Benefits of Dynamic Waterjet Technology when cutting stainless steel plate include:
- No heat affected zone.
- Very unlikely to cause warping or other distortions, as compared to other cutting processes.
- Extremely versatile process, enables very detailed 2D/2.5D geometry.
- Environmental friendly process. No harmful substances.
- Taper and stream lag are very minimal, virtually eliminating the need for secondary processing.
- Thin cutting stream, resulting in narrow kerf
- Dynamic waterjet enables tight part-to-part separation for nested parts
- Low cutting forces (under 1 lb. when cutting)
- If secondary processing or milling is required for extremely tight tolerances, there is no hardened edge to grind off.
- Can be used to cut all stainless steel grades.
- Particularly beneficial for heat sensitive grades, such as 17-4, 410, 420, and 440, because laser or plasma cutting may cause these materials to harden at the heat-affected zone.
- Can be used to scribe center marks or outlines that are used to assist locating during welding or assembly.
Limitations of Dynamic Waterjet Technology when cutting stainless steel plate:
There may be situations in which an alternative cutting method better meets a customer’s objectives for such parameters as cost, tolerance, or edge finish, but there are no major limitations with the process itself.
Cost Factors to Consider when Comparing Processing Costs
In order to accurately determine the true cost of cutting when comparing processing options, it is important to consider the following:
- Cutting Costs. Dynamic Waterjet cutting is a very desirable process. In comparison to the laser cutting, waterjet cutting costs are typically higher. Still, it should be noted that cutting costs tend to be similar between the two technologies for parts over 7/8” thick, especially in the case that there are a lot of geometries to be cut.
- Material Costs. It is important to consider the cost for all material used, including the skeleton that is left behind after the cut. The skeleton weight is fairly minimal in the case of Dynamic Waterjet cutting, even for thicker parts.
- Costs of additional processing requirements. If Dynamic Waterjet processes eliminate or reduce additional steps, this should be taken into consideration in the overall cost evaluation.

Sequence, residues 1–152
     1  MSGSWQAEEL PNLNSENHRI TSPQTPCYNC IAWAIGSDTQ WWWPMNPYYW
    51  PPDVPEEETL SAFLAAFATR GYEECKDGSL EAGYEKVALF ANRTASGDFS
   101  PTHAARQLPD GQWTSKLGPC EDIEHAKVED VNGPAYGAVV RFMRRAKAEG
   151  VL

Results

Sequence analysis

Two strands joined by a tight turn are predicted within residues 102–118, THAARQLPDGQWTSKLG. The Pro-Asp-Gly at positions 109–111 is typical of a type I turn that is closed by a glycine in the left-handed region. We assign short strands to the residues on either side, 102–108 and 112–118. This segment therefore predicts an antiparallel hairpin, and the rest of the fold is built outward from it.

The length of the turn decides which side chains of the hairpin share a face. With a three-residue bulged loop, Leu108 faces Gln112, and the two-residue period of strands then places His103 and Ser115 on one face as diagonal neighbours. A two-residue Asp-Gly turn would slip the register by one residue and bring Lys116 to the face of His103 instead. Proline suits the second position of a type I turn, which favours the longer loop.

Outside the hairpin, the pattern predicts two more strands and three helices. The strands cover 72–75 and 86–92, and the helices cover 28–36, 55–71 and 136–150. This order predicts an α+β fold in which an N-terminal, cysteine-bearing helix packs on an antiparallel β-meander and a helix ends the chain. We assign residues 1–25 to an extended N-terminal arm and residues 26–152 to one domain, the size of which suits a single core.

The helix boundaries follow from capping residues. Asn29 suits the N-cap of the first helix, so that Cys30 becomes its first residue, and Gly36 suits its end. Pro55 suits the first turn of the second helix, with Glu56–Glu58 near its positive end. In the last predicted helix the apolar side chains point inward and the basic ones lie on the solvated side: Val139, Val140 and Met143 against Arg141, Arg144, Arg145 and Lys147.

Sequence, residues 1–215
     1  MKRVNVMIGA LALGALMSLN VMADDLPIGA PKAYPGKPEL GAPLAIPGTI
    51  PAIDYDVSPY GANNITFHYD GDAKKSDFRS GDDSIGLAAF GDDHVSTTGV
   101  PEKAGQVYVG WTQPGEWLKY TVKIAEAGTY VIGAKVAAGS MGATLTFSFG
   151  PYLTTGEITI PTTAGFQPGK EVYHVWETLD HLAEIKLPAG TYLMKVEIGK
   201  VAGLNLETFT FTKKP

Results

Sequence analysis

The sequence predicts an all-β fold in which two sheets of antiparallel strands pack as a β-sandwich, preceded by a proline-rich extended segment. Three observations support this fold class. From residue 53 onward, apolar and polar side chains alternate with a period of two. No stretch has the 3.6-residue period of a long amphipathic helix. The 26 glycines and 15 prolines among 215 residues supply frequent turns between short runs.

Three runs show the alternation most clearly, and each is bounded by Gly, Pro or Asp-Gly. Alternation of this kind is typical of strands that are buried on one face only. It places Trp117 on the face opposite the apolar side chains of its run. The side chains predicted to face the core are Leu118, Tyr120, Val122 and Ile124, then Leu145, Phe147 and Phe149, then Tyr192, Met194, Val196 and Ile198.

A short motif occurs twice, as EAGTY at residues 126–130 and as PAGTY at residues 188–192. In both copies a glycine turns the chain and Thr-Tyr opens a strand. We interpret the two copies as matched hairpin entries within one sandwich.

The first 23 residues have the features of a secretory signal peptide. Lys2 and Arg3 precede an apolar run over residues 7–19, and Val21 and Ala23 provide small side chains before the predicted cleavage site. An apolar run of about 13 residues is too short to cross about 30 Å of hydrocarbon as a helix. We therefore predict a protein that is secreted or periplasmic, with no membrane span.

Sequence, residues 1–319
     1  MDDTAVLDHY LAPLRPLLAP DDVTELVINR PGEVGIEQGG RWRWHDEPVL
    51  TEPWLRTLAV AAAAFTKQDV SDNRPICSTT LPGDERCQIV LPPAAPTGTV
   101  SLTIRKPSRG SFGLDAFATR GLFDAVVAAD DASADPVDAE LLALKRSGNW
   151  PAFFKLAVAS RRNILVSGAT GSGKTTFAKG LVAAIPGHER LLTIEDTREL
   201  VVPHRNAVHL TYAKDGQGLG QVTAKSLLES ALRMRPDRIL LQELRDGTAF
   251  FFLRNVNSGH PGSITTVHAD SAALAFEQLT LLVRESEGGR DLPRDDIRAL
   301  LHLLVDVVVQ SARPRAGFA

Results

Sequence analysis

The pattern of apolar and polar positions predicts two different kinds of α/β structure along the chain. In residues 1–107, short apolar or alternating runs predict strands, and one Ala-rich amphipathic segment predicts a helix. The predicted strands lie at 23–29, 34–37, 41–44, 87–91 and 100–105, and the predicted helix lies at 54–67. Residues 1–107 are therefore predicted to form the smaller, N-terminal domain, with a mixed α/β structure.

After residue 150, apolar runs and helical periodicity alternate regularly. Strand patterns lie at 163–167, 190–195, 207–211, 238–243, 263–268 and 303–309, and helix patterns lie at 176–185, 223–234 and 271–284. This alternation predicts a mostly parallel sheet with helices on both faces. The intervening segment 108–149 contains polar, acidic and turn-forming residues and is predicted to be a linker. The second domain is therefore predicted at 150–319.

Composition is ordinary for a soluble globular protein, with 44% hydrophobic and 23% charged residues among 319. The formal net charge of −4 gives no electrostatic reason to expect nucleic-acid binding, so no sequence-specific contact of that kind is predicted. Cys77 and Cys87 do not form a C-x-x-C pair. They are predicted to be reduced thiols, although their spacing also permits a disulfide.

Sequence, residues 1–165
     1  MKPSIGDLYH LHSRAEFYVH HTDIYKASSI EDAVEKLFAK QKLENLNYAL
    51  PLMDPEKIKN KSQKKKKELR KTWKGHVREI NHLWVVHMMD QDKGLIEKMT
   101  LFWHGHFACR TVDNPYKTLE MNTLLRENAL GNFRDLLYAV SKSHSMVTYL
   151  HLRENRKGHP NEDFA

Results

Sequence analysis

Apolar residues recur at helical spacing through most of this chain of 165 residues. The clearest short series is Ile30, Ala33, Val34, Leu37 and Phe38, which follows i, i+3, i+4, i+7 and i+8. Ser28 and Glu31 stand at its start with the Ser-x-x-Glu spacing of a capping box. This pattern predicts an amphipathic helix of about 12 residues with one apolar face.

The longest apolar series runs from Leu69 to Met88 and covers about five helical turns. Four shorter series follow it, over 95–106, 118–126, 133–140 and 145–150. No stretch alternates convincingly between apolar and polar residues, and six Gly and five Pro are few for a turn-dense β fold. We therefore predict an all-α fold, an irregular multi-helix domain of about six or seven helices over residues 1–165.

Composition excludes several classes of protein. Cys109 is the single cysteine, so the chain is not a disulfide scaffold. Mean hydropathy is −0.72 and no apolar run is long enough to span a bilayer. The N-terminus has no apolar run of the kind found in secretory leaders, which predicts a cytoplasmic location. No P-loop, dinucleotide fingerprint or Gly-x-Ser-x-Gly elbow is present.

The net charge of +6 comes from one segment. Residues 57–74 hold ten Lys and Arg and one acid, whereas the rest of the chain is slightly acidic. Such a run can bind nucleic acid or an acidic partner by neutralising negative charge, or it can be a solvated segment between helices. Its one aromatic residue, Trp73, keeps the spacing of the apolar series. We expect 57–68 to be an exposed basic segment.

Also, in order to save costs, it may be beneficial for customers to consider additional processing that Penn Stainless can provide beyond cut-to-size processing. Depending on the precision level needed, Dynamic Waterjet processing at Penn Stainless may offer a cost efficient alternative to other high end methods available in machine shops.
Comparison of Dynamic Waterjet vs. Conventional Waterjet Processing
The differences between standard or abrasive Waterjet cutting and Dynamic Waterjet® Cutting are visible to the eye.
Bottom of piece cut without Dynamic Waterjet
Bottom of piece cut with Dynamic Waterjet
Standard abrasive waterjet cutting leaves a noticeable taper and corner “wash outs” on the underside of the cut piece, which creates the need for secondary operations. With Dynamic Waterjet Cutting, the piece is ready to use, saving valuable time and money.
Part cut at high speed without Dynamic Waterjet, showing taper
Part cut at high speed with Dynamic Waterjet, showing the elimination of taper
- It is important to note that taper and stream lag can be minimized on all waterjet machines when machines are run at slow enough rates. Thus, the big advantage of Dynamic Waterjet is that it is able to cut virtually taper-free parts with improved tolerance, 25%-400% faster than a standard waterjet, depending on the application. In the past, waterjet users ran their machines at slower speeds to achieve acceptable tolerance levels and minimize taper. Other shops used different cutting methods such as laser, EDM, and CNC machining.
- Thus, by utilizing Dynamic Waterjet technology, Penn Stainless Products offers the ability to provide better cuts and tighter tolerances at competitive rates. As compared to conventional waterjet, Dynamic Waterjet provides the following benefits when run at production speeds.
- Virtually eliminates taper left by standard waterjet systems.
- Intricate geometric parts can be cut more accurately
- Improved cut tolerances
- Higher processing speeds, which can lead to faster delivery
- Less material loss during cutting
- Superior edge finish (250 RMS or better)
- May lead to the elimination of secondary processing steps
Penn Stainless Dynamic Waterjet Tolerances and Size Capabilities
Dynamic Waterjet Tolerances, Size, & Grades
|20 Gauge sheets thru 8″ thick stainless plate can be waterjet cut
Waterjet Tables Sizes
|Table 1: 124″x 241″ Table 2: 78.8” X 305.5” Table 3: 76.86”X154.3” Table 4: 72.125” X 144.125”
| All Stainless steel grades, including 300 series, 400 series, percipitation hardening stainless, duplex stainless and nickel alloys can be waterjet cut
|Part tolerances of ±.030” is standard. Tolerances of ±.005” can be provided. Tolerances may vary depending on thickness
DFX and DWG files are prefered, however Penn Stainless also accepts PDF scanned drawings, CAD files, faxed drawings, or textual (i.e. descriptive) dimensions